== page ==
stonecold4jesus (stonecold4jesus) wrote in womenvocations,

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I created this liveournal account in addition to my old one to post about more intimately religious subjects, and I added this community because a part of that involves the vocational discernment I have been and am going through.  I just got confirmed into the RCC this Easter Vigil after at least a few years of waffling and procrastinating research and prayer and general rebellion and skepticism and whatnot, and that helped me to embrace investigation into what I realized has possibly been a long time of God gently signaling to me that I have a call to consecrated religious life.  More specifically, I feel especially called to cloistered Dominican life, but am open to exploring.  The second most likely is probably Carmelite and then Franciscan and Benedictine are probably tied with last place as far as where I feel I may be called.  It seems like God has given me some pretty significant signs that I am definitely called to religious life--and less so that the calling is probably to contemplative rather than active life, but they're there--but the deal with Orders is more a result of me taking an inventory of my interests, skills, feelings etc.  If anyone is interested in the details of my discernment process and prayer please feel free to ask; I may post some stuff to my journal, but I can't tell if that will actually happen in the near future.

Right now the stage I'm at, predictably, is learning more about consecrated religious life and the different Orders and communities.  After a while of considering and praying and discussing, the Lord granted me the favor of being able to finally schedule a visit with the Dominican Monastery of the Blessed Sacrament in Michigan (near Detroit) and a Discalced Carmelite Monastery in Sioux City, Iowa.  I'm excited!  I'm sure the results of these visits will be very important, but they will probably not involve me gearing up to enter the convent any time soon since I am taking another year to finish up with college and write an undergrad thesis in religion, and then am hoping to be accepted into Teach for America so that I can spend more time discerning, wrapping up loose ends, and paying of debts.  That will take at least 3 years, but I figure an early start certainly doesn't hurt, especially since I am sort of new to the church (I was baptized Catholic at about 2 months and have been flirting with her for a while).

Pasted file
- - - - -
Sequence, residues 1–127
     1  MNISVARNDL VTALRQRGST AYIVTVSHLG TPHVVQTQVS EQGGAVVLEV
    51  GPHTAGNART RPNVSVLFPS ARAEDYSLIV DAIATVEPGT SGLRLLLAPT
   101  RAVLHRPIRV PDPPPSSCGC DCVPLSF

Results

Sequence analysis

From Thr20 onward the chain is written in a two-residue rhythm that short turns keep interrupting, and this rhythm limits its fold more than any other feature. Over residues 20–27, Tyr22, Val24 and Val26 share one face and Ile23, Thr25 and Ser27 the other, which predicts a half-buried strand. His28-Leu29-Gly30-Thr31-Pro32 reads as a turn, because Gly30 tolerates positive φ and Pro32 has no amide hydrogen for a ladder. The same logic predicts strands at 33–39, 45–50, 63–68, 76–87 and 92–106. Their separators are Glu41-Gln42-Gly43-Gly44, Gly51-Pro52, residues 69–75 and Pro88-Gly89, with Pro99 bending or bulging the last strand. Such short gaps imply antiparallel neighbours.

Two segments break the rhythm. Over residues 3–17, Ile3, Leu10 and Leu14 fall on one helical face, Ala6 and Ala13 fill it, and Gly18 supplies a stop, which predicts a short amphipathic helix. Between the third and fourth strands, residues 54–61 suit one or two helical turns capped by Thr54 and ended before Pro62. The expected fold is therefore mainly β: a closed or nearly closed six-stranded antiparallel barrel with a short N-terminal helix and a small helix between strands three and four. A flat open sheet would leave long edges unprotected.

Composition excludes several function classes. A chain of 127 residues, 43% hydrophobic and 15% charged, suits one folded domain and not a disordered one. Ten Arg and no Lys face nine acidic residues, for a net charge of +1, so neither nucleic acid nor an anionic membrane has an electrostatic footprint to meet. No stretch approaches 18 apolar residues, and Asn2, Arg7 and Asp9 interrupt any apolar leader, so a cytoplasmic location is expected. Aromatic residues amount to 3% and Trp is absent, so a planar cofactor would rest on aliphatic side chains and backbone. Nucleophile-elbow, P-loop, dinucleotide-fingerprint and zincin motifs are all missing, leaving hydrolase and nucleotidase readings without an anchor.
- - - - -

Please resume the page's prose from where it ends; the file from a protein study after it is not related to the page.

One of the biggest obstacles for me right now, I think, is probably convincing others and even being fully convinced myself that the call to contemplative life is 'legit'.  By that I mean that life as a contemplative can, for those called to it, truly be a life in service of humanity and God.  I feel satisfactorily convinced of this after prayer and research (soon after I asked God for an answer to this, the Carmelite monastery I will be visiting sent me some material on contemplative life that really opened my mind), but others in my life are not.  Primary is the campus minister of the Intervarsity Christian Fellowship chapter at my uni (it's interdenominational, but overwhelmingly Protestant/non-Catholic), who has talked to me about how he basically doesn't think the contemplative life scriptural.  Of course, this is probably mostly in part because he hasn't embraced the Catholic faith (though he was raised Catholic up to his First Communion and now attends and serves at an Anglican church) and so does not understand or see things the same way the Church does.  Still, it would be nice to be able to discuss with him why I feel a legit calling to contemplative life is possible.  I have some ideas, but they're difficult to articulate and I am only beginning to understand them.  Any thoughts and other input are appreciated.

Sorry if that was a little rambly; thanks for reading! :) 
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